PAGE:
Trying to carry on a conversation in the middle of a sports arena during a NCAA Basketball Championship is a little difficult. The poor acoustics of the large concrete and steel structure do not lend any help in the matter at all. It almost becomes impossible to talk about after game plans, how great the game is, or why a website has just gone dark.

To make the situation worse, you only need to add a bad cellphone connection. It makes the conversation seem like it’s taking place during an intense battle scene with a lieutenant major barking at the radio jockey to call in air support, while enemy gun fire and explosions are zipping and banging all over and the tanks start rolling in.

I kept dialing my virtual hosting company but it just kept ringing. Finally, after twenty minutes an operator answered but with all the “gun fire” and “explosions” around I had to repeat everything over and over again as did she. I almost started to use words like ‘roger’ and ‘over’ to help make sense of it all.

I was making some progress until I heard the words, “9 Net Avenue offices” and “fire”, you know, “fire” that flamey thing that encourages the use of firemen, fire trucks, and water.

On “fire”. My site was melting under the heat of a raging fire somewhere in urban New Jersey.

I asked the operator to repeat but she said that she had to go and disconnected.

I kept calling back, hoping to to get a second opinion on the matter. Meanwhile university officials came around for a friendly visit to inform me that the press was asking questions like, why is your website down? How do I get to your website? Should I include the web address in tonight’s newspaper article or not? The heat was on in more ways that one.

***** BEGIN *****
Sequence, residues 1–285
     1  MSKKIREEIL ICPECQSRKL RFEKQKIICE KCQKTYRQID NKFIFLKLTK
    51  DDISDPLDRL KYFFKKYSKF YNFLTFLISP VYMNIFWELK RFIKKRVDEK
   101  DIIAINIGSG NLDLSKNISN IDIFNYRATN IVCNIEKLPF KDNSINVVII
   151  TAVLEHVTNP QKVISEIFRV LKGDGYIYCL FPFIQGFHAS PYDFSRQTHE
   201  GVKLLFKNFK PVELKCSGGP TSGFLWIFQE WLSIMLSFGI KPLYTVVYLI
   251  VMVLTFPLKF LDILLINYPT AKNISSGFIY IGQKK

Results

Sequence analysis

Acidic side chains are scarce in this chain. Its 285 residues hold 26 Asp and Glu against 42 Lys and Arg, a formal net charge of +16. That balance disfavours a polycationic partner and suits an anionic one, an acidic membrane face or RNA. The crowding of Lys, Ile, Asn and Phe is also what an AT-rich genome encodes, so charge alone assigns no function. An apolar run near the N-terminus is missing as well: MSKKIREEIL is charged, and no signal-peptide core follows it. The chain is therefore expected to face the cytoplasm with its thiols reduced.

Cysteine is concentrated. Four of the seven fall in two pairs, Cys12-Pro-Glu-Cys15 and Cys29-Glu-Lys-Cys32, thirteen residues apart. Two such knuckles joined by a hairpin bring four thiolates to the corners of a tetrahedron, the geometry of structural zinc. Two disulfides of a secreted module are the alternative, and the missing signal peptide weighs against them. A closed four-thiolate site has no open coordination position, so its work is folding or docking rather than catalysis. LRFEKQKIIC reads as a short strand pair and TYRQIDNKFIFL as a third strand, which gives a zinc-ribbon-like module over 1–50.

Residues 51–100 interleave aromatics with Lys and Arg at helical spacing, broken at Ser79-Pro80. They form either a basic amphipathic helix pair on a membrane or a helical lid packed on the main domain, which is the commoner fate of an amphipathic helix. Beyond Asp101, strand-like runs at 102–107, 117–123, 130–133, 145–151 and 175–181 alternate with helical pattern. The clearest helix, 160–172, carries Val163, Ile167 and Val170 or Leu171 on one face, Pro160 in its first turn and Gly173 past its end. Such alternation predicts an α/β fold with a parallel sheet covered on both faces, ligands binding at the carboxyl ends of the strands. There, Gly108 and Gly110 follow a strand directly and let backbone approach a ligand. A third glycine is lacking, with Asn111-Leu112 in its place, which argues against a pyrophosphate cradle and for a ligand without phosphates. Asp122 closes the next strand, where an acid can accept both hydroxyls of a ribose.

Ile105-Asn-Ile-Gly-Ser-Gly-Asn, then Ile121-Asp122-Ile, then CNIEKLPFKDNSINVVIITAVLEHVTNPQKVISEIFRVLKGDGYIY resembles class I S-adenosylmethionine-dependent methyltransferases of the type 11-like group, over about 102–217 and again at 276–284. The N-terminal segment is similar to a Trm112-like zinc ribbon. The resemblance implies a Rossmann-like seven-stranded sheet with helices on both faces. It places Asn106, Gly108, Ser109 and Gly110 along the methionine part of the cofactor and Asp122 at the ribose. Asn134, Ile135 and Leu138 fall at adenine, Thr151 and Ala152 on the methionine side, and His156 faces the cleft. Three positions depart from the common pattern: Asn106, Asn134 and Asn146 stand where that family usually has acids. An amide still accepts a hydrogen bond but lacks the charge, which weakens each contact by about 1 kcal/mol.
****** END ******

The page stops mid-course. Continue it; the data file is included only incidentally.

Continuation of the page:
Hours later I finally connected to a tech support guy who laughed at my frantic questions about melting servers, burning wires and water damage. He shouted (again with the Arena acoustics) that it was only a fire drill, not an actual fire. It was just a coincidence that the server hosting my site had gone down just as they were forced to leave the building. After a few minutes of assurance I put the phone down and refreshed the browser window, we were back in business.

The rest of the event went without a hitch. The site had doubled in size and traffic during the seventy-plus hours spent adding new content. It was kind of sad when the last game ended and the tournament was over — the loud fans left, the ESPN crew started packing for their next gig and the arena fell silent while my team and I kept working on the post-game update. As I recall, it was snowing when we started to haul all the equipment back to the lab.

I will never forget my Thanksgiving week in 1997. There were many long hours of stress and frustration with stupid software, a dead website, really loud people and a cranky dial-up connection. I learned a lot in those two weeks, skills and experience that I still use to this day.

I am thankful for the opportunity and support lent to me by Dr. Pearce and for the challenge set forth by Mel Kalkowski just days before the event was to take place. I am also thankful for my wife who has always supported every endeavor that I have ventured on. I am also very thankful for my family (including my wonderful in-laws) who always show enthusiasm and excitement for my work.

And while it took me two days longer than most writers to express, I wish everyone a Happy Thanksgiving.